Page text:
Beer Matching 101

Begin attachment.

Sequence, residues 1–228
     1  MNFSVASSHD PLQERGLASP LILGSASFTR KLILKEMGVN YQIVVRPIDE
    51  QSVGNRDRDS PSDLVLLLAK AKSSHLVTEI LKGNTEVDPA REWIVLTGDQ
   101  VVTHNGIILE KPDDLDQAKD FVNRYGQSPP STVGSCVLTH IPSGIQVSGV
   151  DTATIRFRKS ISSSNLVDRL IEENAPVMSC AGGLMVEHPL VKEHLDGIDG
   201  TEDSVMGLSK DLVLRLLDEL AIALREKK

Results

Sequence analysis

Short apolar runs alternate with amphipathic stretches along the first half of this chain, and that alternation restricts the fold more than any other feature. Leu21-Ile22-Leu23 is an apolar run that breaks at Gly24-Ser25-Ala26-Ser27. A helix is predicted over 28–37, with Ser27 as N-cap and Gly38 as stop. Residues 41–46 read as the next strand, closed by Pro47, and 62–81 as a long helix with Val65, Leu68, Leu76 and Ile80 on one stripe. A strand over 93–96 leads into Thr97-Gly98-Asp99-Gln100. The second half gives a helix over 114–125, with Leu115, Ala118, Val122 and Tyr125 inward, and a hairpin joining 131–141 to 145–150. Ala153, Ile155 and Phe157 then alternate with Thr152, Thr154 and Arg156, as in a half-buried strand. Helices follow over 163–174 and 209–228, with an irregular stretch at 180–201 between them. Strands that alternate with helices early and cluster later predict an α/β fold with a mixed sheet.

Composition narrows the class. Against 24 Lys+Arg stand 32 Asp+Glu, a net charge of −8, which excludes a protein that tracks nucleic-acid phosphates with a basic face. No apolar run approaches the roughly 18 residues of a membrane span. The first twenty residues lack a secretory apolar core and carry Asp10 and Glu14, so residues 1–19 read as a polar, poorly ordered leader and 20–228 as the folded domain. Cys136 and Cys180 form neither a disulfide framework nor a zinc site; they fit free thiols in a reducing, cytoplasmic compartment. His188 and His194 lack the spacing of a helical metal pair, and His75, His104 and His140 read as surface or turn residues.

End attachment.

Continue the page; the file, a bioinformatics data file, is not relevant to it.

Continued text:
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CURATED ARTICLE VIA THE BEER PILGRIM: Sometimes I think that food was created purely to compliment beer (or is it the other way around?). Either way, the matches you can make between fodder and froth are seriously mind-blowing. Stout and Chocolate, Pilsners and Fish, Mussels and Wheatbeer…. Need I go on? And if you want to treat your taste buds to the adventure of a lifetime, can I suggest you attend a beer-matching event, purchase a food and beer pairing platter or at least give a few of these suggestions a go at home. You will never look at beer the same way again. On my journey as the beer pilgrim, I have picked up some great tips and pointers from the experts when it comes to matching beer with food, so I thought I would share them with you legends! Let me introduce you to my lunch. image An incredible tasting platter with accompanying beers that I found at the RedOak Boutique Beer Café on Clarence Street in Sydney’s CBD. In my opinion, these beer-food matches were a great example of complimenting tastes. The light Summer Lager compliments the light carpaccio, the roasty, smoky Oatmeal Stout a perfect compliment to the hearty boar-ragout and so on. But ‘complimenting’ isn’t the only rule-of-thumb when it comes to good beer-food pairing. THE RULES (even though there are no rules) 1. COMPLIMENT Choosing flavours that quite simply, work together. image Example: Fish with a citrusy pale-ale. The light flesh of this grilled snapper worked perfectly with the citrus-tang of the James Squire 150 Lashes. 2. CONTRAST This as you can probably guess is matching beers and food with contrasting tastes. There is a fine line here between contrast and the other C – Clash. But the best part about beer is that it can be quite forgiving so you have a pretty big safety net here. image An example of a contrasting beer match might be a fruity beer such as a German Wheat Beer with a spicy Thai, Indian or Mexican dish.  In this pic above I matched a Hefeweizen with a spicy Thai Dish and it was great together. I couldn’t believe how well the fruity banana flavor of the Hefeweizen worked with the salt and spice of this chili-crammed seafood dish. 3. CUT-THROUGH (or cleanse) This is reference to one taste cutting through another, cancelling an opponent out and cleansing the palate. Usually with Beer this means the dry bitterness of the hop character cancelling out an oily or creamy opposing taste. image Pic: hwww.craftbeer.com/food/cheese/style-guide A good example of this would be a hoppy IPA with a creamy cheese. Let’s say a Feral Hop Hog with a rich blue cheese (an incredible combination in my book!). The intense hoppiness of the IPA will have a strong bitter, dryness that will cut through the creamy cheese. image Pic: ‪www.fabfriday.com Another good example of a ‘cut-through’ match would be an oily fish-n-chips with a dry, hoppy Pilsner. The dry, bitterness of the pilsner will cut through the oily batter, but the light character of the beer won’t clash with the light flesh of the fish itself. Here is a basic chart I found that might help out when pairing your food with beer. image Pic: http://bluepointbrewing.com/bpbc/food-pairings/pairing-tips/ And though the three C’s are a good guide to successful beer-food matching, they are by no means set in stone. Tasting and matching is totally up to your own personal tastes and sometimes flavours in beer fit a dish you would have never imagined. image Pic: www.deliciousmagazine.co.uk/recipes/oysters-and-stout A good example of this would be Stout and Oysters. The sweet, choclaty, toffee, smoky Stout somehow works perfectly with salty oysters. Who wouldda thought??? It’s a strange world… Im keen to hear about your own beer-food matching suggestions so please write, send in some pics and let us know how you like to pair up!! Over.

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